Slowly, precisely because Yerachmiel was so good and pleasant, Alexander began to resent him. How was it that he, Alexander, always seemed to be struggling, yet Yerachmiel was always doing so well that he could afford to extend a loan or reduce his profit? If Yerachmiel was so well-off, why didn't he make even better terms? Why didn't he completely overlook certain debts when Alexander had hinted so broadly that he was so hard-pressed?
One autumn, Alexander's daughter got engaged. While the rest of the family rejoiced, Alexander was filled with worry. After all, his family's only concern was to eat and dance at the wedding! His wife, Miriam, was already speaking of the beautiful, grand affair they would have that would put all their neighbors to shame and of the wedding gowns that they would have made with fur trimmings. But it was he who had to pay for it. And how deep did they think his pocket was?
Alexander went over to Yerachmiel and asked if he could take a loan on the collateral of a shipment of logs that he was planning to sell that spring. Yerachmiel advanced Alexander the money, and Alexander went off, glad to be able to pay for his daughter's wedding after Passover.
But in the spring, the market value of logs fell, and Alexander received much less than he had expected. Yet now, although Alexander had explained this all to Yerachmiel, Yerachmiel still insisted that Alexander honor his commitment and pay him back the money he had borrowed.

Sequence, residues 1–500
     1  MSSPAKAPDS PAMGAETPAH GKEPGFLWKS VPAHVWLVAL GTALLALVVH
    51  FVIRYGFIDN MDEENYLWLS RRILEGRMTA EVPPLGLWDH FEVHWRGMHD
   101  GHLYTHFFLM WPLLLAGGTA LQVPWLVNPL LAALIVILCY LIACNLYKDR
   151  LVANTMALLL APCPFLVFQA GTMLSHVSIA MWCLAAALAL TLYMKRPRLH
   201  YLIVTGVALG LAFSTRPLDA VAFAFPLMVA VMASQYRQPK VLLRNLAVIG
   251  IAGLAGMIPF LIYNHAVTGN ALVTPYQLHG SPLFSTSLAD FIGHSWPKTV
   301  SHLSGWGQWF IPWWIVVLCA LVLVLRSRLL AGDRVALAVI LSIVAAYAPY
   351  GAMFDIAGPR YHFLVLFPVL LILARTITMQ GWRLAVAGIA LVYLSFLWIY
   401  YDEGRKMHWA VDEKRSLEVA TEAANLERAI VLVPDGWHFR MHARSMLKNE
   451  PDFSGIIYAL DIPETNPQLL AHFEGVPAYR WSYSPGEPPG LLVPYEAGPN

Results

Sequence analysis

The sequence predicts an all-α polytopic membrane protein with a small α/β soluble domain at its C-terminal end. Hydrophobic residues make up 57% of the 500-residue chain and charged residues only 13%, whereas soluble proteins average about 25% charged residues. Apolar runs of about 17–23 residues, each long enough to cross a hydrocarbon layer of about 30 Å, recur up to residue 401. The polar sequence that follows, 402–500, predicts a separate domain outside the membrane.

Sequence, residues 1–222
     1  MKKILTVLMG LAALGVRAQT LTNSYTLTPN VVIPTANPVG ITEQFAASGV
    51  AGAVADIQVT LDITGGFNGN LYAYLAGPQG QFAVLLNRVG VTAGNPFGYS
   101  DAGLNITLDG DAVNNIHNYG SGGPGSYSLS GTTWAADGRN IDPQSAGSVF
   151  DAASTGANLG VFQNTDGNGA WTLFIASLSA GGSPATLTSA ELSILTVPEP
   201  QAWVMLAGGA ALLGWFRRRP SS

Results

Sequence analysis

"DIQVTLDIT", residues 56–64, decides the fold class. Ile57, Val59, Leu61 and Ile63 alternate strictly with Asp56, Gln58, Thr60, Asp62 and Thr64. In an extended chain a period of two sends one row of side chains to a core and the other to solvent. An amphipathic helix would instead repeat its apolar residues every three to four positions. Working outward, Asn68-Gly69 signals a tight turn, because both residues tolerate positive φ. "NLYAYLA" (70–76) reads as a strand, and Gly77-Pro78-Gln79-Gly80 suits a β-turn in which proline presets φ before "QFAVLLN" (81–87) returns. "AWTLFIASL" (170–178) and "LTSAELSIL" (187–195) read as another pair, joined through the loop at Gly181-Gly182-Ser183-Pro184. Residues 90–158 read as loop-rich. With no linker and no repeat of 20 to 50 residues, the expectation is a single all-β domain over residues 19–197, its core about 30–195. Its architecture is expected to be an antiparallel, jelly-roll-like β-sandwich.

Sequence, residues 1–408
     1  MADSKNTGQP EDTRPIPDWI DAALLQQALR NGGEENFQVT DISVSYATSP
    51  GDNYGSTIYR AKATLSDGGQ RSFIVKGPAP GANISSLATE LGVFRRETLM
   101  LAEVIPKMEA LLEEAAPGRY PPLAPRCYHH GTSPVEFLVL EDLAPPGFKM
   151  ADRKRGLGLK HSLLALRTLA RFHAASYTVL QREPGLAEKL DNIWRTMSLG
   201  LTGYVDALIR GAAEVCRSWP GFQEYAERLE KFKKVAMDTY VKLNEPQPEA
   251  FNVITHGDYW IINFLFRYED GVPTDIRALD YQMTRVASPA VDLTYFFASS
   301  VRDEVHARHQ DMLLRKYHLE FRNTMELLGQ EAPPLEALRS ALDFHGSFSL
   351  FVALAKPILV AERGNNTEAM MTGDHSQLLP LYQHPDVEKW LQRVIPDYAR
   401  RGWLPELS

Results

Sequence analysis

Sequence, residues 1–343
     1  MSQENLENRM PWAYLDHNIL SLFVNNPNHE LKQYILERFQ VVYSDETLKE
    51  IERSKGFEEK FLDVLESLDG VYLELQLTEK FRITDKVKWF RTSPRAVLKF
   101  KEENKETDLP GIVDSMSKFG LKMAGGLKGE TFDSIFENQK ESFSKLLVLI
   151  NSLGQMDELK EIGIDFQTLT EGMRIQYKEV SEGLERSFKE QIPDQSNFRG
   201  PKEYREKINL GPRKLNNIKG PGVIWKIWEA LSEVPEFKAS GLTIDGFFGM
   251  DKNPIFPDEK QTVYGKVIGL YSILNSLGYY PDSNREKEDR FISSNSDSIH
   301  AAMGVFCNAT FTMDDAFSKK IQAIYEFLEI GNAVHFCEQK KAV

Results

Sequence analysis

Alexander came out of their meeting fuming. It did not occur to him that Yerachmiel himself might be in need of the money. All he could think about was that now that he was being eaten up by debts and hounded by wedding bills, this cheap, selfish miser, Yerachmiel, wouldn't give him a measly few more months to pay off his debt, when after all, it wasn't his fault, was it, if the market for logs had suddenly lost its bottom?
When Yerachmiel began pressing Alexander, Alexander lost all patience. "That low-class cheapskate!" he muttered to himself. "People think he comes from such a high-class family. Well, I know one thing for sure. If his great-grandmother married some orphan who was hardly half her age, there had to be some funny business going on. I bet she accidentally married her own son, and that's why his family is so lousy cheap!"